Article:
Favorite Fonts of 2019 (So Far!)

Peyton Beard, Social Media Specialist

While there are new typefaces being published every day, and hundreds of thousands made public online every year. Design is becoming seemingly oversaturated with clones and clones of the same or similar high-trend typefaces. Those that possess a flair for the dramatic, accessibility and an appreciation for the past are strong options for those looking to stand out and make a statement for their branding and design. Here are a few favorites of 2019 thus far:

Public Sans (Dan Williams, 2019)

In 2015, the U.S. Digital Service and the Technology Transformation Services (TTS) released an initial version of the U.S. Web Design System (USWDS): a library of code, fonts, tools, and best practices built to assists designers all over the government sector build consistent and reliable websites. Dan Williams, then a consultant with TTS and now a product lead on the USWDS project, wanted to explore what a custom USWDS typeface would look like as the governmental design system was using (and still use) Merriweather and Source Sans Pro as its default fonts. Williams and his team were looking for a readable, simple, and mostly traditional font.

Public Sans is a clone-like homage to Libre Franklin, an open-source update of Franklin Gothic (Morris Fuller Benton, 1912). Despite possessing determined practicality, with sharper-edged terminals replacing the rounded terminals on Libre Franklin. Public Sans is currently available in nine weights ranging from 100-900, in roman and italic. Available as a free download, this typeface would be a great option for designers in wireframes to know that the hierarchies developed will remain the same regardless of how the visual design changes throughout the design process (and pairs great with Georgia!)

Injurial (Sandrine Nugue, 2019)

         Deriving from the French word “injure” which translates to “insult”, this Sandrine Nugue-crafted typeface called Injurial was designed for The Case Is In The Paper Bag, a 2014 novel by French cartoonist Boll. This glyphic, all-cap display serif font’s proportions are based on monumental Roman capitals and features lightweight characters with the slightest contrast. With a combination of precise numerals, almost round counters, and tall, slightly condensed letterforms, this stately and cultivated font gives nod to cuneiform and allows designers to maximize content/type harmony. Designed as a display font, Injurial is perfect for titling and minimal article callouts or pull quotes, pairing beautifully with wide, low contrast serif typefaces like Kelvin for a surprisingly versatile effect.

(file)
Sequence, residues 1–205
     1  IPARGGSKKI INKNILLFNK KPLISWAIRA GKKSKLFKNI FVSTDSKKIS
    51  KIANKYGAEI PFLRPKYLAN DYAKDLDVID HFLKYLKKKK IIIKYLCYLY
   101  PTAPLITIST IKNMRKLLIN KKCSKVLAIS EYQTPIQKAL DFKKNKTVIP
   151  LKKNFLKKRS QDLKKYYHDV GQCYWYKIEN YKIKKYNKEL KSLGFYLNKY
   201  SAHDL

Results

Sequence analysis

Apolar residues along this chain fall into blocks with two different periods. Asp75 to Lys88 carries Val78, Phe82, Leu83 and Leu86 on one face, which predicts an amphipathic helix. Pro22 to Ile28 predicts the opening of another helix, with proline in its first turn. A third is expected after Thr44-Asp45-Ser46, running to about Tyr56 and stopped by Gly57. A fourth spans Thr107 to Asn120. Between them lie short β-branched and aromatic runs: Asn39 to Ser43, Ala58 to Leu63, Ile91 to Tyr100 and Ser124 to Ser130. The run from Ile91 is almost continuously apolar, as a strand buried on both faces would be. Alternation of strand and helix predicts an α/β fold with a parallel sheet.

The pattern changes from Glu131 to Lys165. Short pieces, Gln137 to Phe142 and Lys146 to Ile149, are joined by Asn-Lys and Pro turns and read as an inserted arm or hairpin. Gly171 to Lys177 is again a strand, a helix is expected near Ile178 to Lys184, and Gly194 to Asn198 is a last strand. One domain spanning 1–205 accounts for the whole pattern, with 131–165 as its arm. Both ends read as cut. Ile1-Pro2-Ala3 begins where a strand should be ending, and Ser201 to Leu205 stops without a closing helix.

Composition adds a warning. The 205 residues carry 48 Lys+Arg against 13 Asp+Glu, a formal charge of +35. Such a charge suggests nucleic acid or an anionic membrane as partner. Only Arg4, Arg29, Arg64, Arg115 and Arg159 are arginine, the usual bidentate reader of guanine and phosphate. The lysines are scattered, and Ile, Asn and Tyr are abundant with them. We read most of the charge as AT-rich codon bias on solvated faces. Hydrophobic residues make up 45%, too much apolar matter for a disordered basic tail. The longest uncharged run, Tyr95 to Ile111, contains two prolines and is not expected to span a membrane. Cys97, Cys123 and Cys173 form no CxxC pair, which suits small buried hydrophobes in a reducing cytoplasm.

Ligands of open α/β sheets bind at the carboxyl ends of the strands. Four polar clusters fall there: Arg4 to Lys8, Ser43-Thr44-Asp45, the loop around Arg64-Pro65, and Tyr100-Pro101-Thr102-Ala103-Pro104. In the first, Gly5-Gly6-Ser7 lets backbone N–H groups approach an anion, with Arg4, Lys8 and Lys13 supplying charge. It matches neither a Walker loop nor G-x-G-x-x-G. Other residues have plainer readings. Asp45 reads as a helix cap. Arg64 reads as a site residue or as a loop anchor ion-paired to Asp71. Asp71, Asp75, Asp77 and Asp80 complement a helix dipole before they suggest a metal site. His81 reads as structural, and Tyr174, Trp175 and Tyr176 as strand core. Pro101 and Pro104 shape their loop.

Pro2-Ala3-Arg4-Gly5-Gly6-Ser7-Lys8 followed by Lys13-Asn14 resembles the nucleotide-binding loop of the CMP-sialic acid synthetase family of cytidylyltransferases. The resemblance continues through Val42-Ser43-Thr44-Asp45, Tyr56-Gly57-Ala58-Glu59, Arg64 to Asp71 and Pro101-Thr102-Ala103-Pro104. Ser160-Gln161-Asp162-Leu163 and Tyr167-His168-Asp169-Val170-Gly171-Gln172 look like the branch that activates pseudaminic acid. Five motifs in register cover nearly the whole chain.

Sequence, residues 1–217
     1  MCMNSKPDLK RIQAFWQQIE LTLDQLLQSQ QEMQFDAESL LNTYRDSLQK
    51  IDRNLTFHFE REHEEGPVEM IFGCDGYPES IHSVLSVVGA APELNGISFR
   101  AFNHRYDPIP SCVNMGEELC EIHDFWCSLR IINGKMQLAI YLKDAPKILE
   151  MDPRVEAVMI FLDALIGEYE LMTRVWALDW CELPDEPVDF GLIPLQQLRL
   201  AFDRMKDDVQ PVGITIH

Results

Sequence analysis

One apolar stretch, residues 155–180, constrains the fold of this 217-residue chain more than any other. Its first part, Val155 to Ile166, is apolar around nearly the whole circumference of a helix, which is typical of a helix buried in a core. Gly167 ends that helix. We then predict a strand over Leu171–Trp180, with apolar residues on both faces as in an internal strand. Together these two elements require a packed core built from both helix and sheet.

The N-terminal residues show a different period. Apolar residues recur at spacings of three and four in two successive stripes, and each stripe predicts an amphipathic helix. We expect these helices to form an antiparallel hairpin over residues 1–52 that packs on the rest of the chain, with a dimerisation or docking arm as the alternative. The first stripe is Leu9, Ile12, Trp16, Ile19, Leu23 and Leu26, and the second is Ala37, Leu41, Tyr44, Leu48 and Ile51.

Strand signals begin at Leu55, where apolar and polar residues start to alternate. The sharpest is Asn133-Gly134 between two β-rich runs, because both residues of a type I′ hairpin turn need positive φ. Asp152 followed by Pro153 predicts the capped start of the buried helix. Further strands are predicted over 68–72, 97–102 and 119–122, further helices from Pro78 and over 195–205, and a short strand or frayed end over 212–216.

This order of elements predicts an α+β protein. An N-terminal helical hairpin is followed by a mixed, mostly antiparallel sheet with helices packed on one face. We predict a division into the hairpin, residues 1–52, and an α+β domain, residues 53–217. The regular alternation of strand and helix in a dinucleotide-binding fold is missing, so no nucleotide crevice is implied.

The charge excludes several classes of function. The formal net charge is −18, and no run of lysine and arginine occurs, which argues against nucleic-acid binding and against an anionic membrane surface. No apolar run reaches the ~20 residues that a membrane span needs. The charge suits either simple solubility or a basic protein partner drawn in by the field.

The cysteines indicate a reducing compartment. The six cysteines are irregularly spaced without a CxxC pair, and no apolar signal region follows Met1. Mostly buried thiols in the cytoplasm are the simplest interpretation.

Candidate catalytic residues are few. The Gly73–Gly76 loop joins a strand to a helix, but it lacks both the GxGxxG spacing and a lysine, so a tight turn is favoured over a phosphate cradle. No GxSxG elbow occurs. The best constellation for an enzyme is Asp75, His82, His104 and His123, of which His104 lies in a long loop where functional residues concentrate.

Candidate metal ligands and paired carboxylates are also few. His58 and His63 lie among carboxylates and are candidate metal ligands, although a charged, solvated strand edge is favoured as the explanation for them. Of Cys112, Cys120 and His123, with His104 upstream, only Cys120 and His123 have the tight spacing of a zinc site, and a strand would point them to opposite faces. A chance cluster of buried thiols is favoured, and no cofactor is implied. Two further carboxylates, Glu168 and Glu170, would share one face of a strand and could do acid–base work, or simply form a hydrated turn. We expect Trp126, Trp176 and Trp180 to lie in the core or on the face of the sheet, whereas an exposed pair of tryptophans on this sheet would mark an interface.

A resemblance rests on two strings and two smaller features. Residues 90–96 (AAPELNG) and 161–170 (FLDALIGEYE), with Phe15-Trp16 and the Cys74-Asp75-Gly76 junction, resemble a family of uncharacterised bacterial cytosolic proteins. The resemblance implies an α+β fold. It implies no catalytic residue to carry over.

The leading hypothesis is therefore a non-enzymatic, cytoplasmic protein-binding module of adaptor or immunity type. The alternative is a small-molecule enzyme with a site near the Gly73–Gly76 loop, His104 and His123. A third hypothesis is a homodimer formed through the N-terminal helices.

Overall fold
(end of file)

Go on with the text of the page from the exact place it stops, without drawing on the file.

Darka (G.M. Meave, 2019)

         Started as a personal project for Mexican designer Gabriel Martínez Meave, striving to preserve the hand-written origins and delicate tensions based on ancient blackletter styles in a digital font.

To accomplish this, Meave created a set of 415 alternate glyphs, special signs, and flourishes and his dedicated design efforts were awarded with the Type Directors’ Club of New York’s 2019 Award of Excellence. Darka is a strikingly elegant amalgam of various blackletter styles like Bâtarde’s refined lower-to-uppercase ratio, the modulated balance of Textura, and Fraktur’s flow. The lowercase “f” drops to a dagger-like point, and its sharp edges contrast beautifully with both angled and rounded terminals. Many designers are weary to use blackletter fonts, especially in the typographic landscape of today that is oversaturated by sans serifs, predictable displays, and serif texts, but Darka is a fantastic hybrid of traditional gothic lettering and contemporary style.

Working best in headings, titles, deluxe packaging, or other idiosyncratic uses that welcome a Goth aesthetic. Worried what to pair it with? Meave states, “these combinations of Gothic bold type with delicate, light connected scripts were quite common in the late 18th and 19th centuries. The effect is superb.” So if you’re using Darka, why not dare to go even bolder and experiment with another playful copy text counterpart?

What are some of your favorite fonts of the year so far?

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